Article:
Fines will be the last resort under the General Data Protection Regulation, Elizabeth Denham, the Information Commissioner, has said.
In a blog published on the Information Commissioner’s Office website yesterday afternoon, Denham said she was concerned by reports suggesting the data regulator would be routinely handing out massive fines once the GDPR came into force on 25 May next year.
The EU legislation will impose more stringent privacy and consent rules on data-sharing and processing by charities, companies and other organisations, and will allow breaches to be punished with fines of up to £17m or 4 per cent of annual global turnover, whichever is larger.
Under the Data Protection Act 1998, which the GDPR will replace, the maximum fine is £500,000.
But in her blog Denham dismissed as "nonsense" predictions of huge fines based on previous penalties levied by the ICO and scaled up to the level allowed under the GDPR.
She said: "It’s scaremongering to suggest that we’ll be making early examples of organisations for minor infringements or that maximum fines will become the norm."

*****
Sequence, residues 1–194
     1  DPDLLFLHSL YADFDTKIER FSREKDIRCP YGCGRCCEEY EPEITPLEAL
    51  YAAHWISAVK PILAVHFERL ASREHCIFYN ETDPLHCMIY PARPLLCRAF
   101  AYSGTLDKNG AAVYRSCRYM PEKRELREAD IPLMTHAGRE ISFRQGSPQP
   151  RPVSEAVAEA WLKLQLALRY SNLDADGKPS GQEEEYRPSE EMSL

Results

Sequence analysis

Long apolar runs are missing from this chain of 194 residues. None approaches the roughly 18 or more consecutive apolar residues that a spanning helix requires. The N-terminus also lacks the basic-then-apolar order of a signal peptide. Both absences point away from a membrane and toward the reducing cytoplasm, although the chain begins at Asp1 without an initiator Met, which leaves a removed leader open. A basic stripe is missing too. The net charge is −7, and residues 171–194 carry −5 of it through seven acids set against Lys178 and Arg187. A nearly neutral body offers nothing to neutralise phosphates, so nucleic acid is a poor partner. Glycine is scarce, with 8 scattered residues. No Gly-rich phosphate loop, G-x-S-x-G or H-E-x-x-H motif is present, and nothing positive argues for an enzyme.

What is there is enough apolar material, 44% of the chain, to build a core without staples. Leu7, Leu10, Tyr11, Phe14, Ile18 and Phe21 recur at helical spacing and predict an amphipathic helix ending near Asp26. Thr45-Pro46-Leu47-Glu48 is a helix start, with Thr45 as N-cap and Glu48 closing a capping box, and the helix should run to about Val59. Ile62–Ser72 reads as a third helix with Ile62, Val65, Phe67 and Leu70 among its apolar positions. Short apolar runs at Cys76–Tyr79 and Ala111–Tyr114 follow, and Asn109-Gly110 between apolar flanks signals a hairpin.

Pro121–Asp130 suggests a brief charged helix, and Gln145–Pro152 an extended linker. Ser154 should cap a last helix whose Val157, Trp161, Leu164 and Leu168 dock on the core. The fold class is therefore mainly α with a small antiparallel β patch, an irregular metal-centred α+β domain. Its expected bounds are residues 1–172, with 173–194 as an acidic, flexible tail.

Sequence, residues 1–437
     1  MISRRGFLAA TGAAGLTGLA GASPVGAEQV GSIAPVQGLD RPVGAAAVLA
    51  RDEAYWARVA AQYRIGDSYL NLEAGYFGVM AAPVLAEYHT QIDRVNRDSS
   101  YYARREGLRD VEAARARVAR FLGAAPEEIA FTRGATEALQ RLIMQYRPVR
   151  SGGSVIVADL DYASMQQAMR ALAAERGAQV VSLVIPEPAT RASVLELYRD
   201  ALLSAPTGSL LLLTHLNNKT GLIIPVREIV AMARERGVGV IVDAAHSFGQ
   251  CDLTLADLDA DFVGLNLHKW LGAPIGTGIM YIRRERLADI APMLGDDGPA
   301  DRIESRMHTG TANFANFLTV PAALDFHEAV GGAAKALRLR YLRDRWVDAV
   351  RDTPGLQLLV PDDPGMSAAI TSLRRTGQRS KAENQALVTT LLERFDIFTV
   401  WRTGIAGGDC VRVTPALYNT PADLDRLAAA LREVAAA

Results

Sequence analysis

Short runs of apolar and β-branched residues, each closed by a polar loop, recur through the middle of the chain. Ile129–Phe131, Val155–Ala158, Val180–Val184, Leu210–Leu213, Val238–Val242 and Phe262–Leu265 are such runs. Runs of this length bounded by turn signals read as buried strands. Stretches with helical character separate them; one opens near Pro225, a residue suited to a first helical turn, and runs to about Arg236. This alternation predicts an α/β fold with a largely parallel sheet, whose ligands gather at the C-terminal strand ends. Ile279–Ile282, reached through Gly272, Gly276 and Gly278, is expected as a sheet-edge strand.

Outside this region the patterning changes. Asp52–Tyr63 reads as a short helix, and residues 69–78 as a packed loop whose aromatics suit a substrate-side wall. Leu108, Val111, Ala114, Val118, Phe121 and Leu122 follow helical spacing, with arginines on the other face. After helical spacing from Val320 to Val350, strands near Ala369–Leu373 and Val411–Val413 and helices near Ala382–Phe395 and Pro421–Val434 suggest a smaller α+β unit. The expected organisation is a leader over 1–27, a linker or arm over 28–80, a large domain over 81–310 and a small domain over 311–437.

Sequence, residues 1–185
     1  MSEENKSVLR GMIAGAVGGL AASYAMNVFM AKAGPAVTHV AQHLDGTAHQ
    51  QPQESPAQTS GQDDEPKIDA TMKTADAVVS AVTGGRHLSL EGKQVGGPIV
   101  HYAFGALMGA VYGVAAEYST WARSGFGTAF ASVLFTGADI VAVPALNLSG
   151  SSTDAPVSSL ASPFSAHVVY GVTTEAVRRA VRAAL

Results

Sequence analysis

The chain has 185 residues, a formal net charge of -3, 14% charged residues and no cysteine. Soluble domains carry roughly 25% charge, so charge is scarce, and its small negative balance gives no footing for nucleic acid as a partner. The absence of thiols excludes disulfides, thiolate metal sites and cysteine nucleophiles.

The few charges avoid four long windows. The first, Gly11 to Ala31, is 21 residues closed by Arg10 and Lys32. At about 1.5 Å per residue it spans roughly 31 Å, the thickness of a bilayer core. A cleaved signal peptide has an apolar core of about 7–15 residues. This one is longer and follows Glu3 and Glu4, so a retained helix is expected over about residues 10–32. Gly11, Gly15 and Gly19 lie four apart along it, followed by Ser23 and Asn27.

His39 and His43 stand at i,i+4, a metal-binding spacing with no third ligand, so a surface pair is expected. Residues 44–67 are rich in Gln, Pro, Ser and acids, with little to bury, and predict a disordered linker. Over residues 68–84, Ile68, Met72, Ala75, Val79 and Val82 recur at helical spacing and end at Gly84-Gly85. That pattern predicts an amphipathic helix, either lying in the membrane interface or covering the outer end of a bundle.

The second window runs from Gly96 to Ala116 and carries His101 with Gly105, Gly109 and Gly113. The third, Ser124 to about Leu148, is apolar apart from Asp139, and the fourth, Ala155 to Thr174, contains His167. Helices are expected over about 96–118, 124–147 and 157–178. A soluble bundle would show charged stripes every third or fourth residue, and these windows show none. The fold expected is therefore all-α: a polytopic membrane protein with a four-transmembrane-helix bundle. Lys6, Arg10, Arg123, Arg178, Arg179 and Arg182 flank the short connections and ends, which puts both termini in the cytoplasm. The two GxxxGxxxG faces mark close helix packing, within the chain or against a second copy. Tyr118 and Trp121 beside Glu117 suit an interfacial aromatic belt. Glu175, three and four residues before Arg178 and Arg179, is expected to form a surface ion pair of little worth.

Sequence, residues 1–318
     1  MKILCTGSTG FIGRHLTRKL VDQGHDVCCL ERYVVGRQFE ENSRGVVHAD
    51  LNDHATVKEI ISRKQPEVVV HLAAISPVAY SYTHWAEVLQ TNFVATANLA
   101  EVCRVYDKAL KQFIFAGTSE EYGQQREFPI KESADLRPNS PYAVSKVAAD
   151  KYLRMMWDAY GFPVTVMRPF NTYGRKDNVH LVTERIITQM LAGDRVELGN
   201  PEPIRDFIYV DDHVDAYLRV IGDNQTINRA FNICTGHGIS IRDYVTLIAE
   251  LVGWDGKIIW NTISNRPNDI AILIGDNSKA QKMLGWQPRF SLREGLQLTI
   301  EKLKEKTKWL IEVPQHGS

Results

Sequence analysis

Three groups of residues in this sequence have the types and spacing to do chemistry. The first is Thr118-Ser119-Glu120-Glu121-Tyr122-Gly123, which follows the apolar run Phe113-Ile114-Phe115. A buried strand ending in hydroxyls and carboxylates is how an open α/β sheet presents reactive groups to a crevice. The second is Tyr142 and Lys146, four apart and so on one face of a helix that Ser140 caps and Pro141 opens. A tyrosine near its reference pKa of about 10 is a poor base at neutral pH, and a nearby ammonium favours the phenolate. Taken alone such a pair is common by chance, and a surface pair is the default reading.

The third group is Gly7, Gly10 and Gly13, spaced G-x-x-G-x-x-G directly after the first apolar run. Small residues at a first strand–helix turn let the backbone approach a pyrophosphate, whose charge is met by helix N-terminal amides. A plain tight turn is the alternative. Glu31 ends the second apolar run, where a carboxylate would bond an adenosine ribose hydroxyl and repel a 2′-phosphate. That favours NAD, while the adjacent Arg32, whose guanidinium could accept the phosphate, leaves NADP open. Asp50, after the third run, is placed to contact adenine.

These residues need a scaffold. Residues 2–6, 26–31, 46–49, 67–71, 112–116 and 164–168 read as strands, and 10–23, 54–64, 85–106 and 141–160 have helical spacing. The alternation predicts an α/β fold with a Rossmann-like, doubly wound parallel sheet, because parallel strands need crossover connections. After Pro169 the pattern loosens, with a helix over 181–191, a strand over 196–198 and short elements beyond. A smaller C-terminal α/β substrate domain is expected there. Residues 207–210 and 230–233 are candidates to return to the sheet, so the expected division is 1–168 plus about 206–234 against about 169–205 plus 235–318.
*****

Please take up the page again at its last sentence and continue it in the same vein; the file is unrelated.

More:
Heavy fines for serious breaches reflected the importance of personal data in the 21st century, Denham said, but the ICO intended to use the powers the GDPR will grant it "proportionately and judiciously".
In late 2016 and early 2017, the ICO investigated and issued fines totalling £181,000 to 13 charities for breaching data-protection rules after the Daily Mail and The Mail on Sunday newspapers carried out investigations into fundraising practices involving several major charities.
In February, Denham revealed that she had used her discretion to reduce the fines handed out by as much as 90 per cent because they were being issued to charities.
In her blog, Denham said the watchdog had always "preferred the carrot to the stick" in its approach to regulation.
"Just look at our record," she said. "Issuing fines has always been, and will continue to be, a last resort. Last year (2016/2017) we concluded 17,300 cases. I can tell you that 16 of them resulted in fines for the organisations concerned."
She said the ICO had yet to invoke the maximum powers available to it under the DPA.
"While fines may be the sledgehammer in our toolbox, we have access to lots of other tools that are well suited to the task at hand and just as effective," she said.